As a soccer blogger, I find The Blizzard intriguing in light of the long-time criticism of print journalists by bloggers for not providing in-depth, long form pieces on non-headline news stories. In recent years this "gap" has led to the popularity of eclectic football sites like Run of Play and In Bed with Maradona (the latter's mission statement in particular reads very much like The Blizzard's), which, while not exactly long-form, certainly focus on areas of the game not covered in print dailies or mainstream soccer mags. Meanwhile your contributor list reads for the most part like a who's who of professional football journalism. Do you see The Blizzard in part as pro-journalists "taking back" this unexplored editorial ground from blogs? Or do you think it will compliment the growing array of well-written, non-SEO focused soccer sites written by non-professionals? I don’t think it’s a question of taking anything back – I’m not even sure the distinction between professional writer and blogger is necessarily that clear. Freelancers especially find themselves in a halfway house. When I’m commissioning, I’m certainly not going to be doing so on the basis of whether the writer is a ‘professional’ or a ‘blogger’; it’s just ‘can they write?’ and ‘is it interesting?’ I suppose The Blizzard occupies a middle ground between blogs and mainstream media, but at the same time, as a quarterly magazine, albeit one that will be available in print and digital forms, it’s not really competing with either.
The Blizzard is clearly very much a labour of love. As you explain in the introduction: "The priority is the product rather than profit, so we will not go chasing readers; the aim, rather, is to remain true to our ethos and to provide an alternative to that which already exists." You've also instituted a "pay-what-you-like" policy for subscriptions. Do you think this "for love not money" approach will be enough to cover print production costs over the long-term? And have you been able to compensate the contributors for their work, and if not, is there a hope you will be able to in future based from ads and subscription revenues? I hope it’s financially viable, and the early signs are encouraging. Obviously there’s a certain threshold below which we can’t continue, but halfway through our first week, I think there are reasons to be cautiously optimistic. No contributor has been paid anything as yet – they take a share of anything that’s left once we’ve paid costs. It may be nothing, it may be quite a bit; we don’t know, but what’s been inspiring is that every writer accepted that immediately. The writers have had faith in Peter and me, and we’re now putting that faith in the public to pay responsibly. If everybody pays the minimum, we die; if we get a range of fees – and so far we have been, although it’s very early days – then we should be OK. At the moment I’d rather place that faith in our readers than set a price that some people can’t afford.
As The Blizzard progresses, will you maintain it as a "friends and family" project, or do you hope to expand and accept queries and submissions from soccer writers outside of your journalistic purview? I don’t think it is a friends and family project. Yes, Peter and I have been mates 20-odd years, but the designers and writers are there because we think they’re good at what they do. Of the writers, some are friends, but seven of the contributors to Issue Zero I’d never met when I commissioned them, and three I’d met only once. I’ll commission any idea I find interesting. That said, there’ll only be about 100 articles in The Blizzard each year, so that probably means a total of around 50-60 writers.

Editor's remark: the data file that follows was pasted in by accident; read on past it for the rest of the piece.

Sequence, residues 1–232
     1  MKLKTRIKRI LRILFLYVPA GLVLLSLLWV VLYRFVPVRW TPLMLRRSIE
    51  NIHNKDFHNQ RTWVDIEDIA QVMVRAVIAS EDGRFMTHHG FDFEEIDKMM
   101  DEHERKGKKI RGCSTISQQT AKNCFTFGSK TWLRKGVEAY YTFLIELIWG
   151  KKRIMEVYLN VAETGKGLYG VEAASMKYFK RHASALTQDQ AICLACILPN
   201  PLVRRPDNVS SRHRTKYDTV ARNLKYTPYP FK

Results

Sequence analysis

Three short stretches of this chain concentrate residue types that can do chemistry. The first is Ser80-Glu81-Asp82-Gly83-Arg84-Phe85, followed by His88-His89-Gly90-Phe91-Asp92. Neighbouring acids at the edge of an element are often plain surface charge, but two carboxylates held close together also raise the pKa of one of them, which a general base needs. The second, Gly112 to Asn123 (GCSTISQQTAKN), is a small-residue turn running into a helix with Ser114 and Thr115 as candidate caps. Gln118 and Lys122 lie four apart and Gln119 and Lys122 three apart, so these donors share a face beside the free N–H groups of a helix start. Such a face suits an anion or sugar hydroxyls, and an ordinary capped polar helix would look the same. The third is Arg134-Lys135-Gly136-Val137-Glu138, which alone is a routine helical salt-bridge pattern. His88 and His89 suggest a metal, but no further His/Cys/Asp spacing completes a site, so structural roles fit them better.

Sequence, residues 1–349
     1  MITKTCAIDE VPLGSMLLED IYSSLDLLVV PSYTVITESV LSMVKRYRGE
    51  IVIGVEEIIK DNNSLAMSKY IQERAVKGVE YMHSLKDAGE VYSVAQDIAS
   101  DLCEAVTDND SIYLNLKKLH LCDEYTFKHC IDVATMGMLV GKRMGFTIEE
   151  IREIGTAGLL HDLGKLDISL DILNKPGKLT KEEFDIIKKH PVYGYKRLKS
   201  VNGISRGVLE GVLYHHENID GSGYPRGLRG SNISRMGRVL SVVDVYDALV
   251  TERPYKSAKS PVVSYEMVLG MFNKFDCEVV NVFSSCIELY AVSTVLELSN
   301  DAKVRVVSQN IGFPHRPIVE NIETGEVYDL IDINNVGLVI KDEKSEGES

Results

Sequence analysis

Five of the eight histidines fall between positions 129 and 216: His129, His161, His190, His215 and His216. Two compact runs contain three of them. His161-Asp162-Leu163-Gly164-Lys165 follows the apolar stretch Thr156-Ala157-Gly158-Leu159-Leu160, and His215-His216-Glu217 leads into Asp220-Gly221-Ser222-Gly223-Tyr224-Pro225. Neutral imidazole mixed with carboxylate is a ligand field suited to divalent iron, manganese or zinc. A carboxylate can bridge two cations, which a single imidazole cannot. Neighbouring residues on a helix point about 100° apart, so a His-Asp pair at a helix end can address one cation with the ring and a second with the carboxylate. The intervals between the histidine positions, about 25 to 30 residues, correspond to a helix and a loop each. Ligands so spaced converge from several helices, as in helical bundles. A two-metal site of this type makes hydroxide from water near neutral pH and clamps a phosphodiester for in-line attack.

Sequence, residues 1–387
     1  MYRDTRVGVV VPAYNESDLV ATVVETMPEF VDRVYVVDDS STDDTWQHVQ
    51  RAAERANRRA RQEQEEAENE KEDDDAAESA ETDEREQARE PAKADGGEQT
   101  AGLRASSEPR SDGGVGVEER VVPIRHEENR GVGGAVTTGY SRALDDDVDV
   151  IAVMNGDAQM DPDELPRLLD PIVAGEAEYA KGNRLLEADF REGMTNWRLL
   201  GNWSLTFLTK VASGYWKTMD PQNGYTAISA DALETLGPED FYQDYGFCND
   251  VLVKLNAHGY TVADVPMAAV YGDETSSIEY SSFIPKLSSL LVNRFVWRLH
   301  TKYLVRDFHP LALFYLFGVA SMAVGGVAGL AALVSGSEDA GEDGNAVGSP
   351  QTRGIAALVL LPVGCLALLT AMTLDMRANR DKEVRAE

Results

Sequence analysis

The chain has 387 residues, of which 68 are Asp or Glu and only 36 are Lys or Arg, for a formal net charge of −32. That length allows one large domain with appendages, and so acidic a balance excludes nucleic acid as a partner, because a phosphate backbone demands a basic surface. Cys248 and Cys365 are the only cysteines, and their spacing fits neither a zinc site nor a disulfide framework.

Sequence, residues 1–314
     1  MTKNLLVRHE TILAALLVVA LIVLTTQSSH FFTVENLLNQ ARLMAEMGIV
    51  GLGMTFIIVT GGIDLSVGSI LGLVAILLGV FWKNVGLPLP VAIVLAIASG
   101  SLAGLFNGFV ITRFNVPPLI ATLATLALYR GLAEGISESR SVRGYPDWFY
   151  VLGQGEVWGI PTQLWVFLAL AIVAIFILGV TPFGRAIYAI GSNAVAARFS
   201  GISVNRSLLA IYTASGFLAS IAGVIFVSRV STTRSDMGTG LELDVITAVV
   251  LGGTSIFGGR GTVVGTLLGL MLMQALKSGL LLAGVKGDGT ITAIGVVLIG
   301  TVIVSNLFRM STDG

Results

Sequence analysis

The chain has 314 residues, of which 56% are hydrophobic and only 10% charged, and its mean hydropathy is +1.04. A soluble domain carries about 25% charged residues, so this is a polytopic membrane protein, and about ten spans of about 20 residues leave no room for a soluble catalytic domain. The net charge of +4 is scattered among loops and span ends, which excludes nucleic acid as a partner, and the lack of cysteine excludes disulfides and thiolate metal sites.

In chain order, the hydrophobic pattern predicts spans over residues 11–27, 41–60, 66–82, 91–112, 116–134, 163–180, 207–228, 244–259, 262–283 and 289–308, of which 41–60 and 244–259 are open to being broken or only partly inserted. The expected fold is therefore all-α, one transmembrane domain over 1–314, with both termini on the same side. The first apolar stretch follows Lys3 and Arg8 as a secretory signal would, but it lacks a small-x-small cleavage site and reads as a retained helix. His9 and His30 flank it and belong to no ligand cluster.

When fellow esteemed author Stuart Fuller fell asleep on the Moscow Metro he woke up to find a rather large Russian woman gyrating on his lap. Does this put your robbery in a better frame? Errrr.... I was robbed of all my money and my phone and stumbled about in a blizzard for about half an hour before a Muscovite couple put me in taxi back to my hotel. I learned a valuable lesson about my capacity for vodka and the kindness of strangers. What would you say he took from his ordeal?
A bit of morbid fascination that she expected him to pay her. So would you rather be watching the Belgrade derby, the Tyne-Wear derby or Boca v River Plate? Boca v River, no question. Football in Belgrade is struggling and the derby’s nowhere near what it was – they rarely even sell out. I hate the Tyne-Wear derby because I get so nervous and because I’ve only ever been there once when Sunderland have won – and I’m thirty-bloody-four. Boca v River, though, is madly passionate: packed crowd, ticker-tape, banners, general mayhem and a real sense of mattering even if the clubs are having dreadful seasons.
Do you think that today a unified Yugoslavian states team would be a world beater? In theory, yes: look at the spine of Handanovic, Vidic, Modric and Dzeko and it’s already an awesome side, but then you could say that in most decades. The 1974 World Cup team, for instance, was superb in terms of personnel, but there’s always the issue of the players getting on with each other, and history suggests that whenever a point of crisis arises, they tend to split on national lines. Which is exactly the point the Nobel prize-winner Ivo Andric makes in his novel The Bridge over the Drina.
Richard Whittall writes on football from his hovel in Toronto, Canada. In addition to his A More Splendid Life site, he also writes the Canadian Soccer history blog, The Spirit of Forsyth. He is a regular contributor the Score's Footy Blog, Canadian Soccer News, and Brian Phillip's unsurpassed Run of Play. His writing has appeared in Toronto Life and the Globe and Mail, and he was a contributor for Brooks Peck's Yahoo! blog Dirty Tackle for the 2010 World Cup. He appeared once on Football Weekly as villasupportgroup.